that catch our attention and feed our imagination. Edinburgh Castle was no different.
The search for the perfect brew has been on and there are too many contenders. We will just have to try them all again. Compared to the variety and styles of tap-beers that Edinburgh has to offer, the beers back in Australia just seem distant, homogenous and bland. On the downside, while the pubs are old, wonderful and plentiful, they will generally not let kids in.
We have been disappointed that we have been unable to take the kids into many of the more traditional pubs. Local licencing rules mean that many will not let them in at all and a small minority might allow them if they have a full meal. In other areas of Scotland it was more child friendly where we may have been asked to buy a bar snack for them, but the main meal rule in Edinburgh makes it unfeasible. Empty pubs were turning us away. We were being constantly teased by A-boards promoting the roast of the day or their 10-pound lunch special. It is a funny rule as, in the corner store, you can find beer and wine
for sale next to the milk and bread!
This has meant that the kids have been doing the babysitting of Oliver while we have explored a few local pubs in the evenings. As a pretending couple with no kids, we enjoyed the late night atmosphere of the pubs. One night we found ourselves late for the quiz night but were still able to answer a few questions, another night we heard some live music.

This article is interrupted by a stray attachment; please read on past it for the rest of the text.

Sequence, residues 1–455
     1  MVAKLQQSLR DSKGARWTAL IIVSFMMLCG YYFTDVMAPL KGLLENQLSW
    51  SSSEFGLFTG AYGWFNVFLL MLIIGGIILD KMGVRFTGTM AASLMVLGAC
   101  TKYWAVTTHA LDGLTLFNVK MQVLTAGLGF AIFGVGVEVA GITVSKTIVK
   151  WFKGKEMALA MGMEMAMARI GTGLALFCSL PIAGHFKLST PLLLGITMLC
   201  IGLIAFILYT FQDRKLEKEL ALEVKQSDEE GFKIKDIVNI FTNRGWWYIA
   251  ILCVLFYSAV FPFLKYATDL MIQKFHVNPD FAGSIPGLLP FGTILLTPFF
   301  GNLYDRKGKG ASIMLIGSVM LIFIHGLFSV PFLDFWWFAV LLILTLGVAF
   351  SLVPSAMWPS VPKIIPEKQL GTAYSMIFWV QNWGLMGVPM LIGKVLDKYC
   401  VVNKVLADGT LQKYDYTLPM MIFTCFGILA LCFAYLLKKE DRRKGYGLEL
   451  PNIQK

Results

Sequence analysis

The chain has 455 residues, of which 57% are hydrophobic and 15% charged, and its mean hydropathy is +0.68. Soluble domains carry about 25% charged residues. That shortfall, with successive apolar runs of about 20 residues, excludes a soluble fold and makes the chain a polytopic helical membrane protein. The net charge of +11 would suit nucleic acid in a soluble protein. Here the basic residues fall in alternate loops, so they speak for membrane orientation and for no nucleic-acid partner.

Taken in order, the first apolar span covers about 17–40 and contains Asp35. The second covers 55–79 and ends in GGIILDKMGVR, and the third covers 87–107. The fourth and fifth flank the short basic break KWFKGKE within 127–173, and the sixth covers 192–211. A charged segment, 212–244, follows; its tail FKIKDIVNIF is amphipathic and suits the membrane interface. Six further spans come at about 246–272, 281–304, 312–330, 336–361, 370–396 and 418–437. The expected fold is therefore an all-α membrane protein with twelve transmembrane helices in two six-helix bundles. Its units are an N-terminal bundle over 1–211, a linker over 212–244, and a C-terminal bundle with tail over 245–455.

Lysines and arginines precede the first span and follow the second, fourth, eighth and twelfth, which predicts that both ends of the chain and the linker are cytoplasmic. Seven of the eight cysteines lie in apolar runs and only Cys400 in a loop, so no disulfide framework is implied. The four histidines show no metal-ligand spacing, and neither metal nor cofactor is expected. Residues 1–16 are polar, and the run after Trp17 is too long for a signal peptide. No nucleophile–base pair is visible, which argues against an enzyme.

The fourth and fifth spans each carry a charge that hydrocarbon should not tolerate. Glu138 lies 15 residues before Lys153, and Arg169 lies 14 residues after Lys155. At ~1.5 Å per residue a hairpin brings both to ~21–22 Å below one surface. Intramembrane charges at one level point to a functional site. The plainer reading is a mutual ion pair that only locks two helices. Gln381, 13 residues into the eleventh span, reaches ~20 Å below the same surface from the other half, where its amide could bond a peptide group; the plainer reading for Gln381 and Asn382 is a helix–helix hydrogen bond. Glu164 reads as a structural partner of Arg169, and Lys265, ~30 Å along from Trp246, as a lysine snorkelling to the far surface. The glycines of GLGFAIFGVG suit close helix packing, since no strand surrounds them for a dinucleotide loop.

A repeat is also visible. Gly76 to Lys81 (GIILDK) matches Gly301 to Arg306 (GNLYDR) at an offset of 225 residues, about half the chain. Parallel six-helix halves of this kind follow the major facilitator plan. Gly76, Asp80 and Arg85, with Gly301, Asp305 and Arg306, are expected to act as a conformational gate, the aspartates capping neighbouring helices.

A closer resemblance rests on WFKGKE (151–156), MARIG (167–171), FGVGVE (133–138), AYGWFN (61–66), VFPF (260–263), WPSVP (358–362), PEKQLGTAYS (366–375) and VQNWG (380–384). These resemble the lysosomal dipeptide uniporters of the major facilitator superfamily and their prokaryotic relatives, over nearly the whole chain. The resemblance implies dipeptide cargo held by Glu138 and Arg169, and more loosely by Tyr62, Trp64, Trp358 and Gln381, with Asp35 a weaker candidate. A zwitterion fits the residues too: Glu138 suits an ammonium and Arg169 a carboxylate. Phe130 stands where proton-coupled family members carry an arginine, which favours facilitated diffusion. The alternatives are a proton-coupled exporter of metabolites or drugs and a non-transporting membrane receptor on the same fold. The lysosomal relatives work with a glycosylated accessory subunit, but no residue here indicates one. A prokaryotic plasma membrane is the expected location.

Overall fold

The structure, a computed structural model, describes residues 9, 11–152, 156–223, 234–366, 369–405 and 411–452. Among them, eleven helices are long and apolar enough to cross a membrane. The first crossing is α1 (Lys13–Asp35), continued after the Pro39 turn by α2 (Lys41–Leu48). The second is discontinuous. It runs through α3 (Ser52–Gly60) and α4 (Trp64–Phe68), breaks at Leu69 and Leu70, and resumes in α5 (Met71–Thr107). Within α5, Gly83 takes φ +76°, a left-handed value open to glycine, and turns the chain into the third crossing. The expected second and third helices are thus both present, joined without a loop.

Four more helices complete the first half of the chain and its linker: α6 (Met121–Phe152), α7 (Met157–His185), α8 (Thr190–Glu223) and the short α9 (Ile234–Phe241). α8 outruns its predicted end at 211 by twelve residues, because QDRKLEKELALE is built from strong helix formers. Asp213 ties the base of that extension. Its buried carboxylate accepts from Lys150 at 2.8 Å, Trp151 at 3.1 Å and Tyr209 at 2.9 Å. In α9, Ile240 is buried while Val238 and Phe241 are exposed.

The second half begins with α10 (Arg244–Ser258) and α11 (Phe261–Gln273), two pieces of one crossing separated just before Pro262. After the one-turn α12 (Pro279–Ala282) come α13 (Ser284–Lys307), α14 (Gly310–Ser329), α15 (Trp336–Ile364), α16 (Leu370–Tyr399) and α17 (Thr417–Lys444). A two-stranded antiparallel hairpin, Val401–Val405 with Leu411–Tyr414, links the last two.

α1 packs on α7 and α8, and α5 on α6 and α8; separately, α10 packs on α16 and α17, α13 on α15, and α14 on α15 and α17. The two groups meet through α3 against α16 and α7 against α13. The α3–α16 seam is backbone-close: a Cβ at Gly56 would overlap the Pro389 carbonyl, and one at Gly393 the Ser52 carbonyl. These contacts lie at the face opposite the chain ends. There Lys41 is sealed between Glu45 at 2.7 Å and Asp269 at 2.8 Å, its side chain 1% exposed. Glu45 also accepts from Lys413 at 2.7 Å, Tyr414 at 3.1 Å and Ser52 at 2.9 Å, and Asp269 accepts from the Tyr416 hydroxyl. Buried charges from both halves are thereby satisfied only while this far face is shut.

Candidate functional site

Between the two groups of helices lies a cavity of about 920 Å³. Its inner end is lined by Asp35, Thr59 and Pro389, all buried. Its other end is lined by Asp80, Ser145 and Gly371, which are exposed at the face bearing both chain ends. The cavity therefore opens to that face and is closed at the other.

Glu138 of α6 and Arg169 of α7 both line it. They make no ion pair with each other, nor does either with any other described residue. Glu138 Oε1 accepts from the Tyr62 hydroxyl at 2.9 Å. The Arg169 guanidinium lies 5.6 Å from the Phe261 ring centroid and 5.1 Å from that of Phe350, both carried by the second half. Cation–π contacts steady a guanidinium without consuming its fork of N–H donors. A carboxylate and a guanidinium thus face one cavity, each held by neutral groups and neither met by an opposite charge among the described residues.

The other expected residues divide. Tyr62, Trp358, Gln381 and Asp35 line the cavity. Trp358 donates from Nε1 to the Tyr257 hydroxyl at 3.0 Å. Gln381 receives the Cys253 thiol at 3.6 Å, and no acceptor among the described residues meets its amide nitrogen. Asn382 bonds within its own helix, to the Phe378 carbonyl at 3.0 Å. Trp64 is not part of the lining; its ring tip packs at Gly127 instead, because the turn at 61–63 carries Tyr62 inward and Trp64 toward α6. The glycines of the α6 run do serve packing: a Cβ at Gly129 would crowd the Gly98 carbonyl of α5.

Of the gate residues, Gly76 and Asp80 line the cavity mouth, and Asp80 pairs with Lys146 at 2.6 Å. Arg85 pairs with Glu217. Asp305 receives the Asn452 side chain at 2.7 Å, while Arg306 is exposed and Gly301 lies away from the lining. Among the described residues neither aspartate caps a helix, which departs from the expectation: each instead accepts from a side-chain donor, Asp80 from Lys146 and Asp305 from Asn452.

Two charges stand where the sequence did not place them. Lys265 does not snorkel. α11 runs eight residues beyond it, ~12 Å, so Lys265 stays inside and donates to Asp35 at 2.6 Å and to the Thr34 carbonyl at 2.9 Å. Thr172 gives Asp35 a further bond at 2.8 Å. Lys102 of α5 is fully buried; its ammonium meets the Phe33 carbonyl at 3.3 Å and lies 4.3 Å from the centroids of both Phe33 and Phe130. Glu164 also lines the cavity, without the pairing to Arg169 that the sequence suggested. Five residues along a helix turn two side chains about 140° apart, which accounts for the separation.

We have had trouble finding a good coffee throughout the UK (necessary after a few beers and late nights). I enjoy a good coffee and I am not that fussy, but the milky substance that has been produced you could give to a baby and it would not keep them up. We were hoping this was going to improve once we hit Edinburgh but to no avail. We found one outlet that is ok, but I think I just might be getting desperate.
The Edinburgh Dungeon was something I got roped into while somehow Ian got to take Oliver on the tour bus around town….not sure how it happened. I did find myself wandering around in the dark watching actors retell the more
Check out the blue sky
gruesome side of Edinburgh’s history. It was done well and the kids loved it. Have the souvenir picture to prove it. My face on the drop ride tells it all. Will try and scan it and put it up at some point.
The apartment has been perfect, on St Marys Street in the Old Town just metres from the Royal Mile, which has allowed us to come and go and use the place well. It is a 2 bedroom flat that has a pull out in the lounge room, tiny kitchen but all really workable and simple. We would come again and recommend to anyone travelling to the area.
We are off to Rome in the morning. Till the next blog, ciao.
There are more photos below